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Chapters 22-25 Evolution. Evolution. The definition of Evolution is: change over time Biological Evolution is: genetic change in population over time process by which modern organisms have descended from ancient organisms (slow change over long time)

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evolution
Evolution

The definition of Evolution is:

  • change over time

Biological Evolution is:

  • genetic change in population over time
  • process by which modern organisms have descended from ancient organisms (slow change over long time)
    • Even relatively quick evolution takes hundreds of thousands of years
history of evolutionary theories
History of Evolutionary Theories
  • Plato (427-347 B.C.) 2 worlds – 1 perfect, 1 imperfect. No change in organisms
  • Aristotle (384-322 B.C.) Organisms placed on “ladder of complexity / perfection” (scala naturae) No change
  • Judeo-Christian culture tried to explain the Creator’s plan as observable, natural phenomena – Natural Theology
history of evolutionary theories1
History of Evolutionary Theories
  • Carolus Linnaeus (1707-1832) Designed modern taxonomic system (binomial nomenclature)
    • From this system, we can (he didn’t) now infer evolutionary relationships between different groups
  • Geologists:
    • Georges Cuvier
    • James Hutton
    • Charles Lyell
history of evolutionary theories2
History of Evolutionary Theories
  • Georges Cuvier (1769-1832) helped develop Paleontology – study of fossils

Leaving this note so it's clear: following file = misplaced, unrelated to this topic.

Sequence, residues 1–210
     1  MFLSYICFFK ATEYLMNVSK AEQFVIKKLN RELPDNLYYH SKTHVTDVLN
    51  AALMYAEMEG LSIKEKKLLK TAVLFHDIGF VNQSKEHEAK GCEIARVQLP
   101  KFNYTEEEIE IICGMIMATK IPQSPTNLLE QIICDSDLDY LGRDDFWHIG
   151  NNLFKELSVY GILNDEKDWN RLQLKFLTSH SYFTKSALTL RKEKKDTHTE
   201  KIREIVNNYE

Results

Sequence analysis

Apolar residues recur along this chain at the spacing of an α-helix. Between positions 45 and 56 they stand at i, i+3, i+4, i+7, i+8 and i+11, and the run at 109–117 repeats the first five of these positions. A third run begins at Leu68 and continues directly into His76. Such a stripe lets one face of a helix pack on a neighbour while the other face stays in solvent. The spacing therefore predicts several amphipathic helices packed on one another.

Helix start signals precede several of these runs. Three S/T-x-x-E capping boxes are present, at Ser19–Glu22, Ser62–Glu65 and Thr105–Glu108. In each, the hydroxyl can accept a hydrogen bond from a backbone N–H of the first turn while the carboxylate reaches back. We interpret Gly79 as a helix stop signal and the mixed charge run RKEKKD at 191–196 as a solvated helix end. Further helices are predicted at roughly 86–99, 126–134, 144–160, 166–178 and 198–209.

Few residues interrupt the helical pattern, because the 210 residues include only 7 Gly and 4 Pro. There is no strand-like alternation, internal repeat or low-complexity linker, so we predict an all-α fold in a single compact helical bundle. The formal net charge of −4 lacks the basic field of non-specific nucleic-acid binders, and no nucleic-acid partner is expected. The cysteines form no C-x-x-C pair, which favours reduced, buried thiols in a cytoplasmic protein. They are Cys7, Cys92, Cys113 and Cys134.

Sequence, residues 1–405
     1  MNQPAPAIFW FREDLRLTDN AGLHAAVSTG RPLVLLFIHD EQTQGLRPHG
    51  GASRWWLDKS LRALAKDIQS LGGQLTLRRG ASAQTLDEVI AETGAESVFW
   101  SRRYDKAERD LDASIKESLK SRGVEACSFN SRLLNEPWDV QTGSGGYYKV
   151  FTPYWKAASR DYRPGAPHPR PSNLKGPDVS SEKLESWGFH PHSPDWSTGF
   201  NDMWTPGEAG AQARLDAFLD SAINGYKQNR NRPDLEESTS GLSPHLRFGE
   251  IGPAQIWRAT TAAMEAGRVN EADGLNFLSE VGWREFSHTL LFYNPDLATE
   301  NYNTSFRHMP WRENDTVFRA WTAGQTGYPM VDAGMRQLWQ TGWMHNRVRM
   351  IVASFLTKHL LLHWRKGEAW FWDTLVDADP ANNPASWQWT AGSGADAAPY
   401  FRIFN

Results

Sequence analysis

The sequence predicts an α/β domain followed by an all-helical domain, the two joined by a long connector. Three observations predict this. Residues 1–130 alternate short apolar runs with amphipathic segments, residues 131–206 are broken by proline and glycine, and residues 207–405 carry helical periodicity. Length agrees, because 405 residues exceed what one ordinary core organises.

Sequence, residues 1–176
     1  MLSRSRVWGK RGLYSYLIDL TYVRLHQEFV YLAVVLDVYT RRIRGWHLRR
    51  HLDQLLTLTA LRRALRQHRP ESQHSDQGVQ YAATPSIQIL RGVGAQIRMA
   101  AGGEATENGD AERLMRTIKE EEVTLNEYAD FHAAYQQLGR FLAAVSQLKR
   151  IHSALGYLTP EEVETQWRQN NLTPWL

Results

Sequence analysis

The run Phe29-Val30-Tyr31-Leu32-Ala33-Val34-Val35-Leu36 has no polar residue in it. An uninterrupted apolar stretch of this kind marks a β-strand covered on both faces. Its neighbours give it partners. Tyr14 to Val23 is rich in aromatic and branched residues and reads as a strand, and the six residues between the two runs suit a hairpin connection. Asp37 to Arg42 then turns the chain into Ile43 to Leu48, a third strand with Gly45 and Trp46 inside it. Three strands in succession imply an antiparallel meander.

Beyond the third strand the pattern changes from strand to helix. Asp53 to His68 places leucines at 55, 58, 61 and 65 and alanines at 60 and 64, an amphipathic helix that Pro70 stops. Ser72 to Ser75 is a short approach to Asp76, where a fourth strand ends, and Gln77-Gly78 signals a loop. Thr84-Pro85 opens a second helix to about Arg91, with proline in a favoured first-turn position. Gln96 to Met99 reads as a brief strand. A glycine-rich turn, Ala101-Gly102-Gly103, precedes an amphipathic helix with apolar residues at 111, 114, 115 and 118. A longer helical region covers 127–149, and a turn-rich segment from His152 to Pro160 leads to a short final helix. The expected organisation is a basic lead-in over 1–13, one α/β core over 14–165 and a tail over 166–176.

• Discovery of fossils (extinct species, similarities to modern species) put some doubt into Earth’s age and the origin of species
    • Cuvier explained differences in strata with “catastrophism” – floods, droughts, volcanoes, etc. changed local areas drastically over short periods of time
      • Organisms did not change, just migrate
history of evolutionary theories3
History of Evolutionary Theories
  • James Hutton (1726-1797) proposed that rocks, mountains, and valleys have been changed by water, wind, temperature, volcanoes, and other natural forces
  • He described the slow processes that shape Earth as “gradualism”
history of evolutionary theories4
History of Evolutionary Theories
  • Charles Lyell (1797-1875) – agreed with Hutton and said that scientists must always explain past events in terms of observable, PRESENT events and processes (“uniformitarianism” – what happens today happened yesterday)
  • They theorized Earth was much older than a few thousand (6,000) years, which didn’t set well in the traditional timeframe of Creationism
age of the earth
Age of the Earth
  • We now know Earth is approximately 4.5 billion years old
  • Darwin used the work of Hutton and Lyell as a basis for his theories of slow change over time. Darwin’s work was a biological duplicate of Hutton and Lyell’s works in geology.
geologists study earth s rocks
Geologists study Earth’s rocks
  • Fossils are preserved remains of ancient organisms
  • As fossils are found that don’t resemble organisms today, evidence increases that Earth has changed and that organisms have changed with it
  • Biologists and geologists date Earth’s past with the help of rocks
geological time scale
Geological Time Scale
  • RELATIVE DATING
    • Technique used to determine age of fossils relative to other fossils in different strata
    • This technique is VERY approximate
geological time scale1
Geological Time Scale
  • ABSOLUTE (RADIOMETRIC) DATING
    • Using radioactive elements in rock that decay at a steady rate to determine age
    • Decay measured in terms of HALF-LIFE
      • Half-life – time required for half the radioactive atoms in a sample to decay